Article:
French teachers to join transport workers in December strikes

French teachers have announced that they will be joining in the December 5th strike action in protest over reforms to the country's pension system.

French teachers to join transport workers in December strikes
The December strike is shaping up to be a major confrontation. Photo: AFP

The largest French teaching union the SNUipp-FSU told The Local that staff will be joining the walk-out on December 5th, and could even extend the strike to the 'unlimited' action proposed by employees including rail workers.

The December strike is shaping up to be a major confrontation between the government and unions, with railway workers, Metro drivers, bus drivers, hauliers, airline ground crew and postal workers all announcing that they will take co-ordinated action against plans to reform the French pension system.

READ ALSO 'Unlimited' December strikes – who is involved and what services will be affected

Teachers are the latest to announce they will walk out, with the SNUipp-FSU saying it is calling on its members to strike.

“It’s not something we do for fun. We would much rather be in class. But we don’t have a choice,” said Francette Popineu, Co-General Secretary and spokesman of the national teacher’s union SNUipp-FSU. 

“This is a monstrous reform, with no concern for the consequences it will have for those affected,” she told The Local.

Teachers are already struggling to get by with their current salaries and pensions in France, according to Popineau. She fears the new reform could push them into poverty.

French teachers earn less than many of their European colleagues, with the average teacher's salary in France working out at €30,350 a year pre tax, compared to a UK teacher on €36,247 or a German teacher on €48,571.

“Even Edouard Philippe [the French Prime Minister] has told us that he agrees: we are underpaid. The problem is that there’s no real plan,” Popineau said.

“Now we’re demanding that the government sits down and listens to what we have to say.”

The union has not yet decided whether or not they will continue the strike after December 5th.

“Obviously it’s a complicated situation for us seeing as we are responsible for the children, but we are hoping that the President will present a solution.

“But we are ready to stay on the streets if necessary,” Popineau said.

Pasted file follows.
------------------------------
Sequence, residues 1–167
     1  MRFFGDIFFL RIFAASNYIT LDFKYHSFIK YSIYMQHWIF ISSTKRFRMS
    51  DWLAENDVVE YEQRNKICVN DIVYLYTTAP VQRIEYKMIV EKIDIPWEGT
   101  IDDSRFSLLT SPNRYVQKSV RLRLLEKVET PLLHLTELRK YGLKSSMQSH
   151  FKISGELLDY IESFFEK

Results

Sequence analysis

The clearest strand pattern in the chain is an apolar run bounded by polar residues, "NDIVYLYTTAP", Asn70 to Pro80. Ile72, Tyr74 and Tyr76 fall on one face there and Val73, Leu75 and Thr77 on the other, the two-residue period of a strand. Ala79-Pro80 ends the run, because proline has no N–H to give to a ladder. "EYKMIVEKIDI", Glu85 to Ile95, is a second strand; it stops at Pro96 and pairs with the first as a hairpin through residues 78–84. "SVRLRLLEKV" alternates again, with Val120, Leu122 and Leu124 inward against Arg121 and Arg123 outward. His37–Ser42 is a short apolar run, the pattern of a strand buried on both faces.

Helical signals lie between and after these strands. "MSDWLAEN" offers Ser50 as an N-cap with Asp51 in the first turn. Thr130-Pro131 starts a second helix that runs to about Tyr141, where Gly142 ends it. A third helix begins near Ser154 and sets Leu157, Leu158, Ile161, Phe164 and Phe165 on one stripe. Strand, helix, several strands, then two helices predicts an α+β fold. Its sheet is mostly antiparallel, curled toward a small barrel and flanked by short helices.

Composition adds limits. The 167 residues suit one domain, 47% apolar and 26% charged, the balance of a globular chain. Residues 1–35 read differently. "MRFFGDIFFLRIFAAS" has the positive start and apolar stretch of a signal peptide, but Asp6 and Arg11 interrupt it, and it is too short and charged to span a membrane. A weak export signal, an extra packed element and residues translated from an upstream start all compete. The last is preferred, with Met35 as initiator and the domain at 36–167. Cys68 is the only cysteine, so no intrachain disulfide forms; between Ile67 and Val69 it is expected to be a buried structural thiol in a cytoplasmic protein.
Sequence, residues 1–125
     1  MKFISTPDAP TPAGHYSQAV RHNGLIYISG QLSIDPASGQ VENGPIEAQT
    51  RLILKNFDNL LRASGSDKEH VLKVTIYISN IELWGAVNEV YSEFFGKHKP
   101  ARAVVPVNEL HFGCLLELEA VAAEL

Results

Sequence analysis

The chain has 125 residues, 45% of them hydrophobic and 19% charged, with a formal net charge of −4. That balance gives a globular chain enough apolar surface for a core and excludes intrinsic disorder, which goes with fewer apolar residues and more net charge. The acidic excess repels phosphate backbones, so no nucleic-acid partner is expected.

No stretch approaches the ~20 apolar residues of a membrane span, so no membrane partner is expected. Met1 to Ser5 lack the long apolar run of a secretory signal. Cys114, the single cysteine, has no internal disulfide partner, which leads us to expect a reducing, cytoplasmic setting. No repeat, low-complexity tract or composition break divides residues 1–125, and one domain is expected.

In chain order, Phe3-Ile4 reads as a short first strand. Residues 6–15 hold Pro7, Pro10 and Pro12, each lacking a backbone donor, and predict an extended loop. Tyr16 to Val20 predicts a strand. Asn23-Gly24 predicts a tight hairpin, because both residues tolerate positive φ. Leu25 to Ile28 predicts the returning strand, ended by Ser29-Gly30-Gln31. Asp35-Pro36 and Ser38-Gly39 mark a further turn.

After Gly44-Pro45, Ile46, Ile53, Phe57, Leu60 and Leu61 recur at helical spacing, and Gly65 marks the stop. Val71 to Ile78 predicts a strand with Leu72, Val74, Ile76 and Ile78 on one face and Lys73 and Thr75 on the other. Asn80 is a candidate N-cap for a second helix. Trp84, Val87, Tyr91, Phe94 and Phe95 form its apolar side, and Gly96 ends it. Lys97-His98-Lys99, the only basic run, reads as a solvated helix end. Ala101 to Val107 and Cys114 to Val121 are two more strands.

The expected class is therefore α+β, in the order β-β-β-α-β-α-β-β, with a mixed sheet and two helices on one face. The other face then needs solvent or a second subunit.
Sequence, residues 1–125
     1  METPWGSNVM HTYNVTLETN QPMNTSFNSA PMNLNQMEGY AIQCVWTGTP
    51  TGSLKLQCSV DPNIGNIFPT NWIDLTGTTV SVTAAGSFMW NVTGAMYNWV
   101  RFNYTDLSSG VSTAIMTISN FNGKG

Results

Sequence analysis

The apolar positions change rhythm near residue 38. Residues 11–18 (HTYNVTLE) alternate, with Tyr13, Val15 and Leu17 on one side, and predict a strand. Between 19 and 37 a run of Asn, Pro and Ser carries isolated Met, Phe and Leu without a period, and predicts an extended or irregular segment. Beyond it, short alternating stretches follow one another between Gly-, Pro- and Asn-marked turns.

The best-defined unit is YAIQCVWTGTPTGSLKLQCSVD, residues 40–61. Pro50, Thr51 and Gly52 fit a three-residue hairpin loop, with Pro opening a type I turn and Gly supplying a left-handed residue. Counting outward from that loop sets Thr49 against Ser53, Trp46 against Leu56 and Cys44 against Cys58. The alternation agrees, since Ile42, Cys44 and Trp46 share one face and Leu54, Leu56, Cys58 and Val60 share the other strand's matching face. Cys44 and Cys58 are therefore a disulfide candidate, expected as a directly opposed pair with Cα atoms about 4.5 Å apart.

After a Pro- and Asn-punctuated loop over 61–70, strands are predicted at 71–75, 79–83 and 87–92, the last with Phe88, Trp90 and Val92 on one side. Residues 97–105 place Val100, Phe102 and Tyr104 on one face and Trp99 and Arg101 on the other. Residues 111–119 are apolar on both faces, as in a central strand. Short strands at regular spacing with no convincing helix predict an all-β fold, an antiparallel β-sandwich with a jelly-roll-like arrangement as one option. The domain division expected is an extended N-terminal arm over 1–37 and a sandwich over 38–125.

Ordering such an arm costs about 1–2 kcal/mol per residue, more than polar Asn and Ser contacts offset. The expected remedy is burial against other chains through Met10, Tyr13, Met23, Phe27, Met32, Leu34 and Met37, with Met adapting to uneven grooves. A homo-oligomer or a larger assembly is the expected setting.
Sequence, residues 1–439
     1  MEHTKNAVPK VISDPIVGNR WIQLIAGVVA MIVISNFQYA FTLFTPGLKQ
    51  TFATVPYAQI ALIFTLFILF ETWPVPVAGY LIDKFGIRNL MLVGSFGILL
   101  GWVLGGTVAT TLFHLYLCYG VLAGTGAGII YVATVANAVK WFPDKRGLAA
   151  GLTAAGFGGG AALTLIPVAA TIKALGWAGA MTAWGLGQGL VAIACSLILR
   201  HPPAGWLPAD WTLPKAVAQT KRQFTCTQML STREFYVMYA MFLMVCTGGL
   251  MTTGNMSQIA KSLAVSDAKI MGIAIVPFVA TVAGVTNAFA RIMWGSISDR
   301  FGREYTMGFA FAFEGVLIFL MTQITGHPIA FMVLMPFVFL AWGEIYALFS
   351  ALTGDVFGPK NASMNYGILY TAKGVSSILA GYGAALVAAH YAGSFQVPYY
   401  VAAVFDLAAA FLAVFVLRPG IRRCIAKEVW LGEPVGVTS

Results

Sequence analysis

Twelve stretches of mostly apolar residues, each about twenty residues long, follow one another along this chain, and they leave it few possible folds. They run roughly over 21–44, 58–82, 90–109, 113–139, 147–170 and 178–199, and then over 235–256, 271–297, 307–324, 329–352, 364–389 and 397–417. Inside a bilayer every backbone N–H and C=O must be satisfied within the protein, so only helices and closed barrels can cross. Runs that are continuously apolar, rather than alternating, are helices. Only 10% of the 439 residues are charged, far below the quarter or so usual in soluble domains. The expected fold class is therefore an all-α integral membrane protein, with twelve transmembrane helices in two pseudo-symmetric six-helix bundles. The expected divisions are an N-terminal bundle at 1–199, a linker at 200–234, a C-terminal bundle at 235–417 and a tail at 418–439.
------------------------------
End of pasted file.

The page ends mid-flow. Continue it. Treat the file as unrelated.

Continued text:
When French teachers strike, some schools provide a daycare facility with no teaching, but other parents will be faced with making their own childcare arrangements on December 5th and possibly beyond.

A second, smaller, teaching union SE-Unsa has already announced that its members will be joining the strike.




Member comments

Log in here to leave a comment.
Become a Member to leave a comment.


French customs officers strike over job cuts

Customs officers across France will walk out on Thursday in protest at job cuts that unions say will “weaken the customs network”.

French customs officers strike over job cuts

The national strike on Thursday, March 10th is expected to lead to delays at ports, airports and on the Eurostar.

The strike, which will include a rally outside the National Assembly building in Paris, was called by the CFDT-Douane and has the support of other unions. 

A work-to-rule protest over pay and conditions by customs officers in 2019, under the shadow of Brexit, led to delays and disruption at airports, as well as ports including Calais and Dunkirk, and on Eurostar trains.

Unions are calling on the government to axe plans to switch responsibility for import duty collection to the Direction Générale des Finances Publiques by 2024, at the cost of 700 customs’ officer jobs – and, according to strikers, tens of billions of euros to State coffers.

“We are asking for the reforms to be stopped, mainly that of the transfer of taxation, which is disorganising the network with the elimination of nearly a thousand jobs,” CFDT-Douane’s secretary general David-Olivier Caron said.

The planned job cuts come after years of restructuring and streamlining that has seen thousands of positions disappear, the unions say, when customs fraud and smuggling is rising because of a lack of resources.